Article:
French central bank boss fears finance tax will hit jobs hard

 
Tim Wallace
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EUROPE’S planned financial transactions tax (FTT) risks devastating the finance industry in France, hitting jobs and tax revenues, slowing the economic recovery, Bank of France governor Christian Noyer warned yesterday.

In a double blow to President Francois Hollande’s plans he also called on the government to stop raising taxes and instead cut spending. “It will be essential to define the base, interest rates and scope of a possible FTT in order to prevent the risk of destroying entire segments of our financial industry or the offshoring of jobs as well as the highly counterproductive effects on government borrowing and the financing of the economy,” said Noyer in the Bank’s report.

“It is important to strike the right balance between ensuring financial stability, consumer protection and legal certainty – notably concerning the construction of insurance contracts – and promoting economic dynamism. Achieving this balance is one of the prerequisites for a return to sustained growth in France.”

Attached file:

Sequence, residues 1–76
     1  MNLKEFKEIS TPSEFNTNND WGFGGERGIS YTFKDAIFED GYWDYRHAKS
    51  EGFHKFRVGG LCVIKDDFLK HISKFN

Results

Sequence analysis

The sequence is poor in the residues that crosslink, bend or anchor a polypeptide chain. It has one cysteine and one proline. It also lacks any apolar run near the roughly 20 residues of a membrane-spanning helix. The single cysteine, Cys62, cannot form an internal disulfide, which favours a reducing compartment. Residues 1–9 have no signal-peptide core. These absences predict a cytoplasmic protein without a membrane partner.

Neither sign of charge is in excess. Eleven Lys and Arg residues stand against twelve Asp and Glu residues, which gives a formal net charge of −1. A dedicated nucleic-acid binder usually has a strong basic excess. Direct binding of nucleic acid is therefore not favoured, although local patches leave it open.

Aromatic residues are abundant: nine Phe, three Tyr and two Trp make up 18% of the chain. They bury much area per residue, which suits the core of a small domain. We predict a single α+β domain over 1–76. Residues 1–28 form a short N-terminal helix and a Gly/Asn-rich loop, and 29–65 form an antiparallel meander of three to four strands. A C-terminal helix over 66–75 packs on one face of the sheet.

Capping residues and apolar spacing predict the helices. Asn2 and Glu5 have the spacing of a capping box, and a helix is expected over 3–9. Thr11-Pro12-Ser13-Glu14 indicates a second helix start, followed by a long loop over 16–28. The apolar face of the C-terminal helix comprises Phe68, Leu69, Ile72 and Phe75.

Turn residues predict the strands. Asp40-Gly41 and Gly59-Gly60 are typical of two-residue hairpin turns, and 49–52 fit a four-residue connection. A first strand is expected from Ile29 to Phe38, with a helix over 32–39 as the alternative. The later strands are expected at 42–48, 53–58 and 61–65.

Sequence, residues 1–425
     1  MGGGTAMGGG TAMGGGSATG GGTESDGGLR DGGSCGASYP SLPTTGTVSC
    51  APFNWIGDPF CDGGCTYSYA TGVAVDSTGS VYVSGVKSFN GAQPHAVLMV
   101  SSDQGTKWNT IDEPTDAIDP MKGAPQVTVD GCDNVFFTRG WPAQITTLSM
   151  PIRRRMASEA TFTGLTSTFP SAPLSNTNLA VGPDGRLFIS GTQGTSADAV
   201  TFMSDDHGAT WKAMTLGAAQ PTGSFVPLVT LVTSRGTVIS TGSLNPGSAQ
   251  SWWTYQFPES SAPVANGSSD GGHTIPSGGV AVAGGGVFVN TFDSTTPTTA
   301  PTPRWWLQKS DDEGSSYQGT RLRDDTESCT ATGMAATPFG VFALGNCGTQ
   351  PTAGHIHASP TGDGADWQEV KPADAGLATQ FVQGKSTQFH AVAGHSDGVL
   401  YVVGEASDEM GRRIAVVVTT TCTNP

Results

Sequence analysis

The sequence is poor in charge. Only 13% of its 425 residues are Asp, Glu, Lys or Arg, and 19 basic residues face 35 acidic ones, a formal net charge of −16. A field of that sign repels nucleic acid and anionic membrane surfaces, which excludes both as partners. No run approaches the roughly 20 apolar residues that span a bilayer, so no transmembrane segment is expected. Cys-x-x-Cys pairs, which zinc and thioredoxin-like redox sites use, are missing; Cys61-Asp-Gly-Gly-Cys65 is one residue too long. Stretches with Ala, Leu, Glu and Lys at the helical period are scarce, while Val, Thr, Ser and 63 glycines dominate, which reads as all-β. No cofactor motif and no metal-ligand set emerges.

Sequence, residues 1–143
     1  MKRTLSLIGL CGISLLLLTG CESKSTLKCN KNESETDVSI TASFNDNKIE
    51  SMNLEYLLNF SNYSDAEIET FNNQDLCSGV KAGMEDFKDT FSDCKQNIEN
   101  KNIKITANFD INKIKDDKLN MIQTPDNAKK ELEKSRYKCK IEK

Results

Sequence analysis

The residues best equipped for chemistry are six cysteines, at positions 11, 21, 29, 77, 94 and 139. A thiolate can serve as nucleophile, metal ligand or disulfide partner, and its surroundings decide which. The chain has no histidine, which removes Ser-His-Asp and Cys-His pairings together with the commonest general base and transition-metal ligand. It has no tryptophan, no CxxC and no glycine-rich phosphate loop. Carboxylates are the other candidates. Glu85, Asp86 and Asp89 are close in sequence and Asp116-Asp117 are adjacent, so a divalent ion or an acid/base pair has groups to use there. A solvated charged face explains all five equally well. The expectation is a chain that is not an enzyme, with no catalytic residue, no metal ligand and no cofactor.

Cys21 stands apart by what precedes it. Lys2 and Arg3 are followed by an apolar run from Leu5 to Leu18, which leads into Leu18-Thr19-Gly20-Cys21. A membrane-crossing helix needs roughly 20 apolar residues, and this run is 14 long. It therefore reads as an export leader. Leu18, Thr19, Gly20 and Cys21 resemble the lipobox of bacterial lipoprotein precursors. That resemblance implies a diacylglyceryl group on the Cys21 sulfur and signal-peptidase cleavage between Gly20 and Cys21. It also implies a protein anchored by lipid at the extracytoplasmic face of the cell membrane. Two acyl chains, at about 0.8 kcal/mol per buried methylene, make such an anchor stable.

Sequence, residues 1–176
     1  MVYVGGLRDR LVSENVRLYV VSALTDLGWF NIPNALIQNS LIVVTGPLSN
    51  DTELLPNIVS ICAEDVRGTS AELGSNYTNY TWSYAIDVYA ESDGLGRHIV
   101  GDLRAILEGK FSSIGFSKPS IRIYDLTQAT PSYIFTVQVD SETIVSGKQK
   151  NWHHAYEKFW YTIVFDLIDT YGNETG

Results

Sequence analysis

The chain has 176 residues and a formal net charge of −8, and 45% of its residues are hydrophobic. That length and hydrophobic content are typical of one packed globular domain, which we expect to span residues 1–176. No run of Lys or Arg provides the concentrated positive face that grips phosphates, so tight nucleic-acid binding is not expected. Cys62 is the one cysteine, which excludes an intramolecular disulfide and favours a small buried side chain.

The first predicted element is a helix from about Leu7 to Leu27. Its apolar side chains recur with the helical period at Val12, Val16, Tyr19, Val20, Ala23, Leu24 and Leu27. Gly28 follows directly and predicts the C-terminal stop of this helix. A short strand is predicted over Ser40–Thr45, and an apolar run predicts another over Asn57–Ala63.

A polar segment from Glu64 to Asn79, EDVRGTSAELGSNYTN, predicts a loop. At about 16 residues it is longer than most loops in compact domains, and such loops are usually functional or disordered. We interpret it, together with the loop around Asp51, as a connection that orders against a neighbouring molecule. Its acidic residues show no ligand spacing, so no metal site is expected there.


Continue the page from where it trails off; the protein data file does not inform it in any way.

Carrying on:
Noyer also urged Hollande to cut public spending as he cannot raise taxes further without hitting jobs.

“The government now needs to concentrate on public spending to meet its target, as the tax burden has reached a very high level and any further increases in employer contributions would lead to a deterioration in both activity and employment,” Noyer said.